Reason #99 to Never Enter the Grocery Store Without Your Grocery List

The grocery store. Fraught with pitfalls. Even if you eschew the inner aisles and their processed pseudofoods in favor of the whole foods found around the outside of the store, you must still contend with the bakery and its temptations.


This little thing? It’s the least of my worries in the bakery.

This is why all the experts advise us to come with shopping list in hand. Stick to the list! No inpulse purchases. It’s good advice, but the list serves another purpose as well. It turns out that we’re more likely to make emotional, impulsive choices when our rational brains are busy.

Sign that indicates a public restroom is in use

Rational brain: “Sorry, I’m busy. Come back later.”

In a recent RadioLab broadcast , the hosts discuss a fascinating study by Baba Shiv at the Stanford School of Business. It’s worth listening to – the first ten minutes are entertainment gold, if you ask me – but if you can’t, here are the CliffsNotes:

It seems that the brain is anatomically organized into different systems…. You have a rational, deliberative system … and an emotional, unconscious system… These two systems are often at war.

In the study, participants were placed in a room and asked to memorize a number. Some participants received easy numbers. Twelve, or example. Some participants received longer, seven-digit numbers.

We already know that the average human brain can store only seven numbers, plus or minus two, in short-term memory, and we have to work pretty hard to keep those numbers at the forefront, to make sure they don’t slip away into the ether.

The interesting thing, though, is not that our brains can store only seven numbers, plus or minus two.

The interesting thing is what happens to our decision-making powers when you try and get more than seven [digits] in your head.

After being given as much time as desired to memorize their numbers, particiapnts were asked to walk into another room and recite that number. On the way to that second room is where it gets interesting. Someone stopped participants in the hallway and offered them a snack, just to say thanks for helping with the study.

Once choice was a healthy bowl of fruit salad, and the other choice was a big, fat slice of chocolate cake. Mmmmmmm.

The people with two digits in their head almost always choose the fruit, whereas the people with seven digits in their head almost always choose the cake!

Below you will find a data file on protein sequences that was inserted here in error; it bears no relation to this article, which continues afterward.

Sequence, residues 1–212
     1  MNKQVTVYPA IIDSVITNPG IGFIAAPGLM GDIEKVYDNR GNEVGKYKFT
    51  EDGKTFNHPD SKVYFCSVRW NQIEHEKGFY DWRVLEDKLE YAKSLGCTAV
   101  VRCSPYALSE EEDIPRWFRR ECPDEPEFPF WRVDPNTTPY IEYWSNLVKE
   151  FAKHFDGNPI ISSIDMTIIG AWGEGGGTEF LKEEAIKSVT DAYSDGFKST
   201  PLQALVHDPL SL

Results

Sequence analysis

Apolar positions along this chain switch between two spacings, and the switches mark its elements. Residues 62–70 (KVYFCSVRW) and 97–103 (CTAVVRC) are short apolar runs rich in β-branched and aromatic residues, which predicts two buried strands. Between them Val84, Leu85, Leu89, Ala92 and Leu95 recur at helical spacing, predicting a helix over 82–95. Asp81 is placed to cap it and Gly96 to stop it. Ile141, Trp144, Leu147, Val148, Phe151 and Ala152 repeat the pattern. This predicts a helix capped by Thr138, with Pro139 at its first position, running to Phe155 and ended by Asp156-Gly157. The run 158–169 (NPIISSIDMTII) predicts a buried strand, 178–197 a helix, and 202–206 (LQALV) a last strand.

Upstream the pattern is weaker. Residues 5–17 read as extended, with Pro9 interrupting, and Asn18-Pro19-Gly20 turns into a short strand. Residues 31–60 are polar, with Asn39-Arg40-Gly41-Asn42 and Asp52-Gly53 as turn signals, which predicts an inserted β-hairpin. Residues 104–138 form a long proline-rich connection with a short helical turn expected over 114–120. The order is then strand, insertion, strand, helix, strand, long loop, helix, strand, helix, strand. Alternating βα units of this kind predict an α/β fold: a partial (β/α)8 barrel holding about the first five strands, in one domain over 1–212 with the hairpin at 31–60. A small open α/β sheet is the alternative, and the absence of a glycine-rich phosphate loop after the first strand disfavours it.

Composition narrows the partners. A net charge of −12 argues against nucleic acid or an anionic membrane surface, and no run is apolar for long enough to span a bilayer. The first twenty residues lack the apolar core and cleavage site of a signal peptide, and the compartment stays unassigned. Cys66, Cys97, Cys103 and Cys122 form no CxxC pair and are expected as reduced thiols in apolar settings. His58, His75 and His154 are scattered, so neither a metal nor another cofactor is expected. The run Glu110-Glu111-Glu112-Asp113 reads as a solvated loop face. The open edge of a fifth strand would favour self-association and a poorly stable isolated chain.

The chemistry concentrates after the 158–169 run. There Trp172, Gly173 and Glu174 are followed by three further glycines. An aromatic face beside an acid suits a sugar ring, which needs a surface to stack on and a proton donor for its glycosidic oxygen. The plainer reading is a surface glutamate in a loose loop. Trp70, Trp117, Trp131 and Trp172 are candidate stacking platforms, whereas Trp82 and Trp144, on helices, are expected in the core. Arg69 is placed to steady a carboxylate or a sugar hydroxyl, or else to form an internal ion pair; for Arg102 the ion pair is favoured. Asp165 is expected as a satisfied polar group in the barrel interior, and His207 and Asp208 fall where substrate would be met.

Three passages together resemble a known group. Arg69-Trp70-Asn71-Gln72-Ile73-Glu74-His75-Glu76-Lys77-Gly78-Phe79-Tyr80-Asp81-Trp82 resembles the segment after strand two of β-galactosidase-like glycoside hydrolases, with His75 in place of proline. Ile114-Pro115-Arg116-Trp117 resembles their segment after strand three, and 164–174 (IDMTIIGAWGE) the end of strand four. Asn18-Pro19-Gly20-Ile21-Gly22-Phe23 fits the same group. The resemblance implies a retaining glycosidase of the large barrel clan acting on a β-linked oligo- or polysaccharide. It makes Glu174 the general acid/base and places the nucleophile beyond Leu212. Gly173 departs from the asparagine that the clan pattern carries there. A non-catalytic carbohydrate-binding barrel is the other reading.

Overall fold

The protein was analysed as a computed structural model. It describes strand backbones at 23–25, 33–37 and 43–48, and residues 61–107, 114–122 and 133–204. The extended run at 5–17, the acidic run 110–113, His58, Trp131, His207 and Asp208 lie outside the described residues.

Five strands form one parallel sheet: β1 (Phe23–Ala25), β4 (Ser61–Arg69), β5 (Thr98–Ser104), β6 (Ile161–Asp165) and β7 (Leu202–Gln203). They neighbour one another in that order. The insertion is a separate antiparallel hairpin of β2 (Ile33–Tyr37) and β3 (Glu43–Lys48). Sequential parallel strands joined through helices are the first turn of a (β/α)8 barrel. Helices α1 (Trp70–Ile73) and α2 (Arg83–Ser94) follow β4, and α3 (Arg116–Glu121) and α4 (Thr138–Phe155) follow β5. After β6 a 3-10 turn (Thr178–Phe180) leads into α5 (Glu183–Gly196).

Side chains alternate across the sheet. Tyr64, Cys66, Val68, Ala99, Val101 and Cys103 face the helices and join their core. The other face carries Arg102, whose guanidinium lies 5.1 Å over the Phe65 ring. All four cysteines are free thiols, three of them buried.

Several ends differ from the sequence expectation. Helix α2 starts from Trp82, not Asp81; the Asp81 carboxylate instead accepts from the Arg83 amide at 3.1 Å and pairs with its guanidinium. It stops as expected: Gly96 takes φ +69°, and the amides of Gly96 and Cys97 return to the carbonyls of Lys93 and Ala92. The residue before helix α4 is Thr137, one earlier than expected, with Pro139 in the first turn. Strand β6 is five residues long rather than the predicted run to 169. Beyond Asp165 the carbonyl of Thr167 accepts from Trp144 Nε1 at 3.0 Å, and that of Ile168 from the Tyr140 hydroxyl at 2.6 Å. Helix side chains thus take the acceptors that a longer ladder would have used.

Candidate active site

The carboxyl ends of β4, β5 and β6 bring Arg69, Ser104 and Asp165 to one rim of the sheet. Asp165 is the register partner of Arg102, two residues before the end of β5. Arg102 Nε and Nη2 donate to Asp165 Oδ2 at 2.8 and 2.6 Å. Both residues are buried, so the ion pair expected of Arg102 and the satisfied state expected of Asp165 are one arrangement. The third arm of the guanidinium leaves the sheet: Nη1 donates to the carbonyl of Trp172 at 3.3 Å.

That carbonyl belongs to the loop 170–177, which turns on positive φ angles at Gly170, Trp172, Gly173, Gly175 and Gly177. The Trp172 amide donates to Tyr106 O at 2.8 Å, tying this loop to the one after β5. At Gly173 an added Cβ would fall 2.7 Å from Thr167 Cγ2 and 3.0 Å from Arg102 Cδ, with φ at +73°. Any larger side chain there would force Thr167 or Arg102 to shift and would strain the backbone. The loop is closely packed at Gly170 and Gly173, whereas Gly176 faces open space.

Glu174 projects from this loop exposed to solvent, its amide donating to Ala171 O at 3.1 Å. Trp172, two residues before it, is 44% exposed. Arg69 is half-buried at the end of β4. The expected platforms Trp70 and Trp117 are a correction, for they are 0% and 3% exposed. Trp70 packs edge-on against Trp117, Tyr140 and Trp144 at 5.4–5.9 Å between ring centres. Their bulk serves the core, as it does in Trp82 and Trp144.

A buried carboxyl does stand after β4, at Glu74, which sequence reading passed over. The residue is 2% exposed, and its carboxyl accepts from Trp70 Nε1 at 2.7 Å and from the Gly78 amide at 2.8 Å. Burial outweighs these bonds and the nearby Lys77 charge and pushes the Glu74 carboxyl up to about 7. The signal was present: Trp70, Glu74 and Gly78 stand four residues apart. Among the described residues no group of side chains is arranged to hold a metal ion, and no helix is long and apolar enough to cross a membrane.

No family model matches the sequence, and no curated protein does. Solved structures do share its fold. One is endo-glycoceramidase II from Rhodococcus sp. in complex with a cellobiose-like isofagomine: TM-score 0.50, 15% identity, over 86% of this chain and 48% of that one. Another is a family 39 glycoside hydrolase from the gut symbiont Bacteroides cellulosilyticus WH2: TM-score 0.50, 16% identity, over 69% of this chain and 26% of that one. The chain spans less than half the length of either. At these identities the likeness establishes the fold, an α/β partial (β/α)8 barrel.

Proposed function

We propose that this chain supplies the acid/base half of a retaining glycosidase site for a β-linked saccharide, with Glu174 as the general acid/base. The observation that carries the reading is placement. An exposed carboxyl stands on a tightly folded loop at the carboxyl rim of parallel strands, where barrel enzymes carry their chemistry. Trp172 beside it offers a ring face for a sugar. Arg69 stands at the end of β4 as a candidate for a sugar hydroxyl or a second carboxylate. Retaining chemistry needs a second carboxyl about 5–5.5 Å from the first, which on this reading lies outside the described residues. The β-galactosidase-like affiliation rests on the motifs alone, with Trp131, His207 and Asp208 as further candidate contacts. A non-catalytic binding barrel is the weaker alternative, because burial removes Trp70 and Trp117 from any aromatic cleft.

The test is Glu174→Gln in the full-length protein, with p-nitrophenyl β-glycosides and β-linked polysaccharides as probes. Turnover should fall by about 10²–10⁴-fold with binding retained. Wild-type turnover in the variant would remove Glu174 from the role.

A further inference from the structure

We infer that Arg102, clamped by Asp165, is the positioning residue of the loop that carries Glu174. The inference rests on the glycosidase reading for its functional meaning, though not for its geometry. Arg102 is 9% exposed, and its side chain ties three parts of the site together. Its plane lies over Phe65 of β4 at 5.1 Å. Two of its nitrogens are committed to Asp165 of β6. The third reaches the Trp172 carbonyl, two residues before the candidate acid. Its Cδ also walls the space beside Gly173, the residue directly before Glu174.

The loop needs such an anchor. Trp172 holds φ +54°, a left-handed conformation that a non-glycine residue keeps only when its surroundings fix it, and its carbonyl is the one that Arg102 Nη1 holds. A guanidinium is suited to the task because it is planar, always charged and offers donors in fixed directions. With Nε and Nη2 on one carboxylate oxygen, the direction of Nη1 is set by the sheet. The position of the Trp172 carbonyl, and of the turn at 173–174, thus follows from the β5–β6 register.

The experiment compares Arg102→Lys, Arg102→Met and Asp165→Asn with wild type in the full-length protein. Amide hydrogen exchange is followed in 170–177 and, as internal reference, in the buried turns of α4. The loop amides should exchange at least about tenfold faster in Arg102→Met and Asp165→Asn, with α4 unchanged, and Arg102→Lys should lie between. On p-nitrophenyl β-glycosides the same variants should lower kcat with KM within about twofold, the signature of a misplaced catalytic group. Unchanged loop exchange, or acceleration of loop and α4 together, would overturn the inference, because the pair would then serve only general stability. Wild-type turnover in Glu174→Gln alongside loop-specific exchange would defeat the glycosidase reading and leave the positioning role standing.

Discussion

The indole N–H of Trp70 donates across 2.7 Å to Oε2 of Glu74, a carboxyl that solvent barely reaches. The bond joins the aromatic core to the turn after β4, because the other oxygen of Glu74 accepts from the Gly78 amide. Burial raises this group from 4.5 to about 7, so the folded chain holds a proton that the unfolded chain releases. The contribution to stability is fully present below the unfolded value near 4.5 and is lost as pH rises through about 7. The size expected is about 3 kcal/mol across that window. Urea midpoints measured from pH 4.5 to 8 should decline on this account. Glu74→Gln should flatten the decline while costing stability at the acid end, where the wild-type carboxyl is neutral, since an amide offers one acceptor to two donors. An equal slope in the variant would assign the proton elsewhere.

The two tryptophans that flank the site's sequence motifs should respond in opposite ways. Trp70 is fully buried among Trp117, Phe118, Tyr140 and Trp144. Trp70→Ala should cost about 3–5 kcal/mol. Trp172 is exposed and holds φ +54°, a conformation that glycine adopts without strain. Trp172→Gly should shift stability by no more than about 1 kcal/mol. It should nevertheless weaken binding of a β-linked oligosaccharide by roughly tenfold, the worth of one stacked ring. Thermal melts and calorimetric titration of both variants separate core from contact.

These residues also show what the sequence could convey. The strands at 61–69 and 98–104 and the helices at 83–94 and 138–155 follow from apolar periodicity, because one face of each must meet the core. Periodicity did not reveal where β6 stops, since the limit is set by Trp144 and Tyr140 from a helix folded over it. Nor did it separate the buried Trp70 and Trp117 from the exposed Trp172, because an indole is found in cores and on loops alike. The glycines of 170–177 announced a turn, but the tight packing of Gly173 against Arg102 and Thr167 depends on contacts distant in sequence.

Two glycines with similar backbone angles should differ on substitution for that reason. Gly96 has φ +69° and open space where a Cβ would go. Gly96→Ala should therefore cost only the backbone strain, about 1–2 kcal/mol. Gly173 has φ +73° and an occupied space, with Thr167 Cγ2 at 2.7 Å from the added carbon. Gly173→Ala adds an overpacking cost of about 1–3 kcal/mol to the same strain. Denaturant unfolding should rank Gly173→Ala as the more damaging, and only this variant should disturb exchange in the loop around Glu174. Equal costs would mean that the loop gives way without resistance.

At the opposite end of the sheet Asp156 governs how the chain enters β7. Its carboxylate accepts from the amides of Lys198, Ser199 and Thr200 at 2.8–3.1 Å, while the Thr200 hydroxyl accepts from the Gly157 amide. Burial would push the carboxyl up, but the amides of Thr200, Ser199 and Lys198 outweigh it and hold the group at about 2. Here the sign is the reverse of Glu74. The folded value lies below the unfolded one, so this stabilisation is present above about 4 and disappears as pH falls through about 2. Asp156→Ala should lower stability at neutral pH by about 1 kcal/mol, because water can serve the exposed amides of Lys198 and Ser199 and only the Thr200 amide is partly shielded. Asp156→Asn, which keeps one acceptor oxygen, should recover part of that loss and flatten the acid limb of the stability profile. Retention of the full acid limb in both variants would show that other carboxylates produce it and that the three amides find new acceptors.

Now, obviously, not everyone watches calories the way we do, so they might not find cake vs fruit to be an agonizing decision. But even so, most people do recognize that fruit is a healthier choice and try to make the healthier choice more often than not. Yet in the study, the people with seven digits preferred cake by 20 or 30 percentage points. That’s too marked to ignore.

With seven digits in your head, the rational brain has too much to keep track of. As the hosts point out, it not surprising that emotion might sometimes win over rational thinking. It’s how easily it wins. “Seven digits is all it takes.”

Which takes us back to our grocery list. If you’re in the store trying to remember twenty-some different items, your rational brain is way too busy to help you fend off your emotional brain, the one that wants the cake, chips, and soda. So do yourself a favor and always make a list.

Can you think of other situations where your rational brain is occupied, making you more vulnerable to emotional or absent-minded eating?


  1. I lived my life for years with my emotional side completely overrunning my rational side. I wish I could blame it on being busy learning things, but instead I just pushed rational thought aside when it came to healthy food choices.

    This was a fascinating study – thanks for sharing.

    • I can really identify with that, Diane: “…pushed rational thought aside.” I certainly can’t blame my weight on being busy learning things, either!

      I did fall into a bad habit over the winter where I stopped at the gas station for breakfast after dropping my son off at school. I made a conscious decision one morning on the way to school that I was not going to stop for that unhealthy breakfast. Twenty minutes later I was tooling down the highway eating a bacon, egg and cheese bagel. I was distracted with thoughts about work and stopped at the gas station out of habit! This study reminded my a little of that experience.

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